Reviewed: Corbyn's Alternative MacTaggart Lecture
Despite echoes of Trump and some crazy proposals, there is still a large measure of sense in Corbyn's ideas to transform the UK's "failing" media, writes Raymond Snoddy
Another day and more anti-Semitic headlines for Labour leader Jeremy Corbyn. Attacks by Labour MPs of Jewish background such as Margaret Hodge are one thing, but to be roundly condemned by Lord Sacks, who served as Chief Rabbi for more than 20 years, quite another.
In passing, Lord Sacks put the boot in by suggesting that Corbyn's remarks about Zionists were the most offensive by a British politician since Enoch Powell's "rivers of blood" speech.
The Chief Rabbi did not directly equate the Labour leader with Powell, though he came close.
It was merely the most offensive since Powell, but Lord Sacks went on to denounce Corbyn as an anti-Semite who had "given support to racists, terrorists and dealers of hate."
Naturally, it was a perfect splash for the Daily Mail under the headline: "Corbyn's 'Rivers of Blood' Moment."
The latest turn in Corbyn's increasingly fractious rows with the UK's Jewish community and the media follows hard on the controversy over the wreath in the Tunis graveyard.
Was Corbyn involved - as opposed to just being there - and was there in any way an honouring of the memory of some of those accused of being involved in the Munich Olympics massacre of Israeli athletes?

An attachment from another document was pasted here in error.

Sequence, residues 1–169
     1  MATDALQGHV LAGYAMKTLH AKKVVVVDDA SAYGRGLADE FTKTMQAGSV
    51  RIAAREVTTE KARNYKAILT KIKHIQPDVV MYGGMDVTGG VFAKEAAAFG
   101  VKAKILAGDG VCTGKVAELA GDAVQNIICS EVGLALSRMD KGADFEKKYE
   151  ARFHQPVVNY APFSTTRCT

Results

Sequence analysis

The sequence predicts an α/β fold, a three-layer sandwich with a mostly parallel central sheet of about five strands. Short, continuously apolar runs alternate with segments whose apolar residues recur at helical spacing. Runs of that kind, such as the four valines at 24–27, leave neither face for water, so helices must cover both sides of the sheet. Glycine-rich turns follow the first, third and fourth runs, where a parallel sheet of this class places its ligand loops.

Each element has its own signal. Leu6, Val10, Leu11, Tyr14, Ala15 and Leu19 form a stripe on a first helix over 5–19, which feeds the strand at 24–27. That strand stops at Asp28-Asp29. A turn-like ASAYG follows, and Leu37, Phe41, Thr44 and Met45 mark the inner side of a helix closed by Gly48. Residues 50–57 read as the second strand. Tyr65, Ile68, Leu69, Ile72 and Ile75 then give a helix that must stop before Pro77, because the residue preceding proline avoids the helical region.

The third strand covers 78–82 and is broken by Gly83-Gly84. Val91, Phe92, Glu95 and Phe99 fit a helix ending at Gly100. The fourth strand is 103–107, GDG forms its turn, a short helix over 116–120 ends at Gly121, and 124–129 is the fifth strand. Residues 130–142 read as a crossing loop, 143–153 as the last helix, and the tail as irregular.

It is now up to independent press regulator IPSO to untangle the saga of Corbyn and the wreath following the Labour leader's complaints against six national newspapers on grounds of accuracy.
It can be predicted with total accuracy that the relations between Corbyn and the media, the national press in particular, will continue to deteriorate in the run up to leaving the EU and the approach to what is likely to be an acrimonious general election.
There is a danger that Corbyn and his close associates will before long reach for Trump-like attacks on MSM - or mainstream media - used as a term of abuse.
In fact there are signs of it happening already.
The Labour leader accused the BBC last year of peddling "fake news" by reporting rumours of his possible resignation.
Last week Corbyn went further in his Alternative MacTaggart lecture at the Edinburgh Television Festival by using Trumpian generalisations to announce "our media is failing."
What, all of it, in equal measure?
Corbyn then moved on to add "the latest statistics from the European Broadcasting Union show that the British people simply don't trust the media."
Actually, there is nothing simple about the use of such survey statistics or indeed simple about the use of the word trust and the British public's relationship with the media.
"For all our worries about new forms of fake news we've ignored the fact that most of our citizens think our newspapers churn out fake news day in, day out," Corbyn continued.
Some may think it, but it is absolutely not true and Corbyn is giving house-room in a rather slippery way to the idea that it is.
Of course, the ills are all down to the handful of right-wing billionaires who control most of the national press.